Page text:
Generally speaking, eating the right amount of food and choosing healthier options can make a big difference to your overall wellness.
A fundamental aspect of focusing on better nutrition is altering your diet. But that doesn’t mean just choosing what to eat — it’s also choosing what not to eat. Junk food and fatty options that come with high calorie counts but little actual nutrition are simply not the wisest choices for seniors.
It’s important to limit your intake of foods like chips, snack food and candy as you age. Focusing on nutrition doesn’t mean that you can never eat these foods again, but they should not be a regular part of your diet.
There are a few areas that older adults should focus on eating to get the nutrients that they need. The National Library of Medicine points to lean meats and seafood as the best sources of protein for older adults. Eggs are also an easy and great source of nutrition.
Seniors can also benefit from eating grains and plenty of healthy fruits and vegetables.
It’s important to consult your doctor before making any substantial changes to your diet to ensure that you are meeting your specific health needs.
Older Americans have different vitamin intake needs than their younger counterparts. Luckily, there are plenty of healthy foods that can naturally provide the vitamins that you need most as you age.
According to AARP, 50-year-olds can get the vitamin D, calcium and probiotics they need by eating foods like cheese, yogurt and dark chocolate. Common vitamins you need in your 60s — like vitamin D, vitamin B-12 and omega-3s — are in foods like clams, salmon, tuna and egg yolks. And those in their 70s will benefit from adding protein in the form of beef, beans, chicken and almonds.
You can’t always guarantee proper absorption through food alone. There may be some vitamins that you need to take in pill or tablet form, so check with your doctor to make sure that you’re getting the nutrients you need for healthy functioning.
What Should You Consider When Improving Your Nutrition?
There is more to proper nutrition than just switching to eating healthier food and taking vitamins. You’ll need to monitor several other personal factors.
Your metabolism is how quickly you’re able to digest and burn through the food you eat as energy. Metabolism can differ greatly from person to person and even from year to year.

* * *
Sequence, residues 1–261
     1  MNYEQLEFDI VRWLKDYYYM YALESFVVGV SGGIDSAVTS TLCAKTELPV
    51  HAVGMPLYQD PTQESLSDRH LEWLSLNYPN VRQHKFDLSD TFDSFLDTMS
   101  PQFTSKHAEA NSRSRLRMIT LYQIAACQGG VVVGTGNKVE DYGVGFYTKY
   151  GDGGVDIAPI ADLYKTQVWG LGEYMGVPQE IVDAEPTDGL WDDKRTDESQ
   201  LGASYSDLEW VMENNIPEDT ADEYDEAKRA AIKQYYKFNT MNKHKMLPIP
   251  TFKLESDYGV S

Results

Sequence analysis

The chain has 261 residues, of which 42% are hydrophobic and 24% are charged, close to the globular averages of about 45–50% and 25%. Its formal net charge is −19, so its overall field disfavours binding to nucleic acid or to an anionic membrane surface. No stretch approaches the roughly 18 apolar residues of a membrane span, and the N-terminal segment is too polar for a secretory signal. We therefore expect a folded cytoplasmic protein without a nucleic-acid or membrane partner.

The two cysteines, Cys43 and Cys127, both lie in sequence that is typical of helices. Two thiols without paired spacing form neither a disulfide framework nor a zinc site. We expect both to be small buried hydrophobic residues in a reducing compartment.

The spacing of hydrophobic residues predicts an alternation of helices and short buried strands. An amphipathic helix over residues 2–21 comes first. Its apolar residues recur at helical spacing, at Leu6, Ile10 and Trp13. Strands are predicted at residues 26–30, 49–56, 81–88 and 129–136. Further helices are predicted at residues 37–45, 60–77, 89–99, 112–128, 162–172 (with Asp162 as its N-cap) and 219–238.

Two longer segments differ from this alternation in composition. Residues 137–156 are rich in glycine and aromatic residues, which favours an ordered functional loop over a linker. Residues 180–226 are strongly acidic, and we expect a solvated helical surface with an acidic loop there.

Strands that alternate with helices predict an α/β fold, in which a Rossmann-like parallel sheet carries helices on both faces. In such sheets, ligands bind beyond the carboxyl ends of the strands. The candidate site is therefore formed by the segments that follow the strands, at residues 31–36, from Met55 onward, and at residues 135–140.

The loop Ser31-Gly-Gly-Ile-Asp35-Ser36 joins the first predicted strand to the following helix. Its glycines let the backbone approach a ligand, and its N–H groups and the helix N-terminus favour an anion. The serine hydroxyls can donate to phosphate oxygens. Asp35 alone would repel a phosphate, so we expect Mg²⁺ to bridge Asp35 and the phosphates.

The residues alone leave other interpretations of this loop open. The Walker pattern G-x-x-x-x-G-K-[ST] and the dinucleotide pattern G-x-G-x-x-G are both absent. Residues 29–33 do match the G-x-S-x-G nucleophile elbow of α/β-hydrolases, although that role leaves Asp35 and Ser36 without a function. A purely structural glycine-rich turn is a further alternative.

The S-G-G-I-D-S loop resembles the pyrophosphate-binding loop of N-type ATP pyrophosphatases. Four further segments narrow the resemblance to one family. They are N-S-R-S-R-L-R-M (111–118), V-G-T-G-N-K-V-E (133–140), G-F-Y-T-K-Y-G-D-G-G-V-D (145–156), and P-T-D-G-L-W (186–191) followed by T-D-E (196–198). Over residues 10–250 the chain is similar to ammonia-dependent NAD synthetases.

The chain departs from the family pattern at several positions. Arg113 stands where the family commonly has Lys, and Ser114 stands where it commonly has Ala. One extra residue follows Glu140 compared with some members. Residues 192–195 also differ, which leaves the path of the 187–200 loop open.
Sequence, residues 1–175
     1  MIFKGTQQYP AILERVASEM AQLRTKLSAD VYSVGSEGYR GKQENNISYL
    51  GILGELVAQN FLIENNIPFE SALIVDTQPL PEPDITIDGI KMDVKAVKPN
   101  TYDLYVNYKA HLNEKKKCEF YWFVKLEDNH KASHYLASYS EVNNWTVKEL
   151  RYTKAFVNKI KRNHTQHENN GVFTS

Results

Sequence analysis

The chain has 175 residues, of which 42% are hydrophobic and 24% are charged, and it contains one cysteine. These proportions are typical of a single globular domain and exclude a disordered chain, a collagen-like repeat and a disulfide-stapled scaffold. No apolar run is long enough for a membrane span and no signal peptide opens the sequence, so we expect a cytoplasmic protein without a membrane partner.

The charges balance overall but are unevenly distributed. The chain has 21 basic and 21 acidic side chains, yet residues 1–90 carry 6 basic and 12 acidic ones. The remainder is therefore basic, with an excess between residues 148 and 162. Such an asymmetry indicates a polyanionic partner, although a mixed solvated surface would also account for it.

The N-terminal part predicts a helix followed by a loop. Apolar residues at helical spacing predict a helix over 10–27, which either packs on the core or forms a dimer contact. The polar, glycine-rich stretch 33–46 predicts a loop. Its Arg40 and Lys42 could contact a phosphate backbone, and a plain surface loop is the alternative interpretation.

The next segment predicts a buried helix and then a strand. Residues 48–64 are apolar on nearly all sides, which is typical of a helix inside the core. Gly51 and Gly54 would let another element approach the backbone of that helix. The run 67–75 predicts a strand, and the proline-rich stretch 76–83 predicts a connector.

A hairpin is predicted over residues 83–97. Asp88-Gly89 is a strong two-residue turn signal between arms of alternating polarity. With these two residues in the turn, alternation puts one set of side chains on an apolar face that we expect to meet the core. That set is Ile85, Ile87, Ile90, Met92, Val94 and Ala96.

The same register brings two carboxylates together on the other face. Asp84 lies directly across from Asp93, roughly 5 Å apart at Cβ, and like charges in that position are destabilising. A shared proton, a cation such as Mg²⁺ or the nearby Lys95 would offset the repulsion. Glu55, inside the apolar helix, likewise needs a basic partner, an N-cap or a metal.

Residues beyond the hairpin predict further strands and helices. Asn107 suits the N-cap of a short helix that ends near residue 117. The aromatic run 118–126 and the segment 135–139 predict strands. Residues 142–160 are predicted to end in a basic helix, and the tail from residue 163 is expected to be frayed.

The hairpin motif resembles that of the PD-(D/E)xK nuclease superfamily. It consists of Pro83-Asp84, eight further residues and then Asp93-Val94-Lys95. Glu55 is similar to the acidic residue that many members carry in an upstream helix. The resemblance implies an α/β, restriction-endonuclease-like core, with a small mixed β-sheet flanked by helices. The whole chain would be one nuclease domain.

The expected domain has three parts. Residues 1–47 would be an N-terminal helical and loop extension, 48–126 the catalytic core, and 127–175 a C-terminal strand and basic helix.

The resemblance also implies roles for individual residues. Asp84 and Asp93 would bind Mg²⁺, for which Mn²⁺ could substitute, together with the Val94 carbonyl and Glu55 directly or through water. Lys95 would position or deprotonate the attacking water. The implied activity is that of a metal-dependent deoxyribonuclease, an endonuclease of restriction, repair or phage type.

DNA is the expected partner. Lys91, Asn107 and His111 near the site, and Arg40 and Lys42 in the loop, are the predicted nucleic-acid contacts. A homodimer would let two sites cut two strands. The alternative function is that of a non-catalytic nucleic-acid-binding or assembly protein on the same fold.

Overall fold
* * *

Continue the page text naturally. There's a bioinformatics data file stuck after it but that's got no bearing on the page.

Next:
Someone with a fast metabolism may be able to eat more food and more often, while a person with a slow metabolism will need to be more careful to ensure they are not overeating.
Being aware of how your own metabolism functions and understanding how much food you really need plays a large role in making sure that you are getting the right amount of nutrition and controlling your weight.
Your appetite may change as you age, which can make it much more difficult to get the right nutrition. Certain medications and other situational factors can also affect your appetite.
It’s essential to take steps with your doctor to alleviate these issues. Together, you can make sure that you are still eating healthy amounts of the right types of food.
Remember that your body was probably much better at digesting and dealing with junk food a few decades ago than it is currently, so sticking to healthier foods can help increase your appetite now.
When looking for ways to improve nutrition, consider any health conditions you have and how they affect absorption. There may be certain foods or vitamins that make the most sense for you, given your specific situation and health needs.
Eating better and getting the right nutrients can also help to improve some conditions or to ease discomfort. A doctor’s visit is recommended to discuss balancing your health conditions with your nutritional needs.
3 Cited Research Articles
- New York Times. (2021, May 6). How Food May Improve Your Mood. Retrieved from https://www.nytimes.com/2021/05/06/well/eat/mental-health-food.html
- U.S. National Library of Medicine. (2019, May 30). Nutrition for Older Adults. Retrieved from https://medlineplus.gov/nutritionforolderadults.html
- Paturel, A. (n.d.). Supplements to Take in your 50s, 60s and 70s. Retrieved from https://www.aarp.org/health/drugs-supplements/info-2015/must-have-supplements.html